Is rainfall linked to pollution? Depends on whether you live north or south of Vindhyas

DTE analyses PM10 spatial data for August 2022 and 2023 

By Pulaha Roy
Published: Wednesday 04 October 2023
Photo: iStock

India has relatively good air quality during the monsoon months compared to other seasons because rainfall aids in the dispersion of pollutants such as particulate matter (PM)10 and 2.5.

But the correlation between more rainfall and better air quality is not that straightforward. Rather, analysis of PM10 spatial data by Down To Earth suggested the correlation depends on where one is residing in the country — north or south of the Vindhya mountains. 

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August 2023 was the driest month ever recorded by the India Meteorological Department, with a deficit of 36 per cent when compared to the long term average of 1971-2020. In 2022, cumulative rainfall was three per cent above the long term average. 

So, by that logic, August 2023 should have been the most polluted August ever.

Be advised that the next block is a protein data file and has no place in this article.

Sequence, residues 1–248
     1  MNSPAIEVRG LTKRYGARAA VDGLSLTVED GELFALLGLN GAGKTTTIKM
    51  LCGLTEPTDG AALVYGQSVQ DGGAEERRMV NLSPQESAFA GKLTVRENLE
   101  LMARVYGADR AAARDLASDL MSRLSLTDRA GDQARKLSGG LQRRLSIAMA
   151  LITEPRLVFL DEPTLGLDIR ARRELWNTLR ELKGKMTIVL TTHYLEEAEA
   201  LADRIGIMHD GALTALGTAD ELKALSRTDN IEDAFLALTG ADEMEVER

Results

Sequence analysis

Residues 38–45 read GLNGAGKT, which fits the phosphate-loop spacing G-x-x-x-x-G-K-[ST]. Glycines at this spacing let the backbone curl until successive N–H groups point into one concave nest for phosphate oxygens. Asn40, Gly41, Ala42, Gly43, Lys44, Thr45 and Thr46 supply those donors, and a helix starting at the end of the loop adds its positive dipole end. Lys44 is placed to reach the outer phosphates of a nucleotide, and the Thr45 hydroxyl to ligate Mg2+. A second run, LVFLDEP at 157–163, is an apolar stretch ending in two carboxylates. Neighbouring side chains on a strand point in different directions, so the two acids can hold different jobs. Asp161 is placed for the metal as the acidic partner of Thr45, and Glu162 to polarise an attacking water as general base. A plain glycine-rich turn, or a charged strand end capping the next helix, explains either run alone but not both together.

But, as seen in the graphic, the two maps highlight the spatial anomaly that exists when it comes to pollution. 

In both years, irrespective of the rainfall departures, whether positive or negative, peninsular India enjoyed comparatively lesser pollution levels compared to its northern counterpart. This anomaly is due to the fact that pollution depends on wind direction and speed, apart from other geographical considerations. 

So, is there any correlation between rainfall and pollution? A granular analysis of the rainfall data when correlated with pollution data establishes that in 2023, the northwestern part of the country had a deficit of 37 per cent. This deficit is manifested through higher pollution levels around Delhi and western region of Uttar Pradesh. 

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In 2022, eastern and north eastern states had a deficit of 27 per cent, which was reflected through higher pollution levels across West Bengal and Bihar.  

Indo-Gangetic Plains are always more vulnerable to higher pollution levels compared to the southern peninsula due to the Himalayas acting as a natural barrier by trapping pollutants.

While the pollution menace is a year-long phenomenon in India, it usually peaks at the onset of winter, which further coincides with the harvesting season across the country. 

But while farm stubble burning is a country-wide affair, farmers in Punjab and Haryana have come under the cosh due to emissions from the stubble clearance, adding more pollution to the existing levels across the Indo-Gangetic Plains. 

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